It paved the way for the next Tigers try, which started, as so many of their most inspiring plays have started over the last month, with a Brooks-Jacko combo. In its own way, this was one of the most elegant and energetic manifestations of this new halves pairing, as Brooksy swung from left to right to collect a Hastings ball, and then parlayed that curving momentum into a beautiful cut-out straight across the chest of To’a to Garner, who was always going to run a scintillating line to the corner with so much synergy and cohesion behind him. 

Jacko capped it off with a deft sideline conversion, and beckoned to the refs to address something that had happened in the crowd, while the Tigers had already outscored their first five game average. True to the spirit of this close contest, however, the Cows hit back a few minutes later, as Townsend showcased both his kicking and passing game – along with the mercurial space between them – in the best show of leadership all night. The play started conventionally, with a kick to the right, where Musgrove was unable to contain it.

Things got stranger from here, as Cotter continued the surge of his earlier effort on Drinkwater’s bounce, and flicked it through Peachey to Townsend, who now settled into a subliminal space between kicking and passing. For a second, he seemed on the verge of booting it, hovering so mercurially at that cusp that it was hard to tell if he was dummying by the time he eventually opted to run it. He left it so long that he had to contend with a big bit from Leilua, although he had his eyes set on Feldt now, and knew just what he had to do.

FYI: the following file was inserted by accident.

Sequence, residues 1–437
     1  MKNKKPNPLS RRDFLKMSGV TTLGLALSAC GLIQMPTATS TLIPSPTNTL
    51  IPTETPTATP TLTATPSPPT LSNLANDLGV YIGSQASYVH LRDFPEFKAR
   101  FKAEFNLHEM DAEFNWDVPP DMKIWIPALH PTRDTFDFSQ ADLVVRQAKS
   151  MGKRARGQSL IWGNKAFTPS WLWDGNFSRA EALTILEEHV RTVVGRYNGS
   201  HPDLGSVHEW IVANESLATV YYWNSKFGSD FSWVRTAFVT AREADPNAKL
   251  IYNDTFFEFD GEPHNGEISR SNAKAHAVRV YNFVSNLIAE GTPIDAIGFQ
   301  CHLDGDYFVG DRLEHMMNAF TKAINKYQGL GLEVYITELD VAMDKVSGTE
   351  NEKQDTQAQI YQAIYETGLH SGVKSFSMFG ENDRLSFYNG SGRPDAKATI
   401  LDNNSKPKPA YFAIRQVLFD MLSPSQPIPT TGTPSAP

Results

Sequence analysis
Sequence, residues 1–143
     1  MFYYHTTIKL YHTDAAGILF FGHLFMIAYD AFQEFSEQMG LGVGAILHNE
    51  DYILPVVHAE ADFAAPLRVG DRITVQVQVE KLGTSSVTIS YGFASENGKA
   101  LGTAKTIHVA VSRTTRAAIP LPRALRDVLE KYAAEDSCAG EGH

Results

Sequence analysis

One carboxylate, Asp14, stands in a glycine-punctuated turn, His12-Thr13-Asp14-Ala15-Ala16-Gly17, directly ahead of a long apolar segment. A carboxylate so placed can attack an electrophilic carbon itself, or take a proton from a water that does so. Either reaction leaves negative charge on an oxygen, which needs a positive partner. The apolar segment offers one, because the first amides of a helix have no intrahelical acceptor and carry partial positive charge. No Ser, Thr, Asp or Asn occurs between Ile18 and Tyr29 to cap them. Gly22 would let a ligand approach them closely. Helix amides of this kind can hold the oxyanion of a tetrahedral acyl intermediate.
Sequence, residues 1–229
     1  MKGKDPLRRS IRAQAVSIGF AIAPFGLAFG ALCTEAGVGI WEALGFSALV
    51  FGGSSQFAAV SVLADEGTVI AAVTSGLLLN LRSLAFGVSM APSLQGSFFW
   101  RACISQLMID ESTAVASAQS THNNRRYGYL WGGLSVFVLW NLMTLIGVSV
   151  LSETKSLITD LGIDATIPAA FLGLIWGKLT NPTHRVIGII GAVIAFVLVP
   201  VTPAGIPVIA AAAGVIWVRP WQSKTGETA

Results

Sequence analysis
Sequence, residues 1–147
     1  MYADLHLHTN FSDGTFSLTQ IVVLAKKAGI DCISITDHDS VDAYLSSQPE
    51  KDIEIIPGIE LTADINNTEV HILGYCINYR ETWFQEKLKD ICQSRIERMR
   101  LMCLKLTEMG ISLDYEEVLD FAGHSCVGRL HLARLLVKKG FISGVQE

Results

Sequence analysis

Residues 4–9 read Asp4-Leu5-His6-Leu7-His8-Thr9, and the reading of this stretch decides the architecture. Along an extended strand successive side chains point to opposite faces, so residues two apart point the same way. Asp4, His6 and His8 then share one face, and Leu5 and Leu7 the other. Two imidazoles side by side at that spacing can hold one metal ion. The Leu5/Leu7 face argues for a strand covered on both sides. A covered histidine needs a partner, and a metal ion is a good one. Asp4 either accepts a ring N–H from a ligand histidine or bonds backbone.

Feldt caught it on a dime, and curved round for what is fast becoming his trademark run from the wing to the posts, setting up Holmes for his first conversion. North Queensland had restored their two point lead, but Cotter wasn’t done, making it a trio of great plays by bumping through the line on the restart off a Reece Robson ball, before dummying left and simply skipping over To’a to put down one of the all time front row tries – and his first try in the NRL after being denied in his debut game. With Holmes’ kick, the Cows had hit twenty.

In five short minutes, the Tigers had gone from an 12-8 lead to a 20-12 deficit, while North Queensland had proved why they’re in the top four with a scintillating 18/18 completed sets. Wests got another blow when they returned to the park without Brooksy, who was relegated to the sideline with his right leg strapped for a hamstring issue. They needed a really cohesive effort to hit back against these odds, and yet these are often the situations when the Tigers thrive, while an eight point lead wasn’t insurmountable with forty minutes on the clock.

They did well on their first defensive set, keeping North Queensland in their own end, as Townsend booted it from the forty, before Hastings started to amp his organisation up even further with a short ball for Leilua to take a strong charge up the right midway through the next count. The Tigers returned to that part of the park later in the set, where they played hot potato with the footy until it all ended with a Dearden knock-on – and then a clean take from Dearden, when the Cows sent it upstairs for one of the best challenges of Magic Round.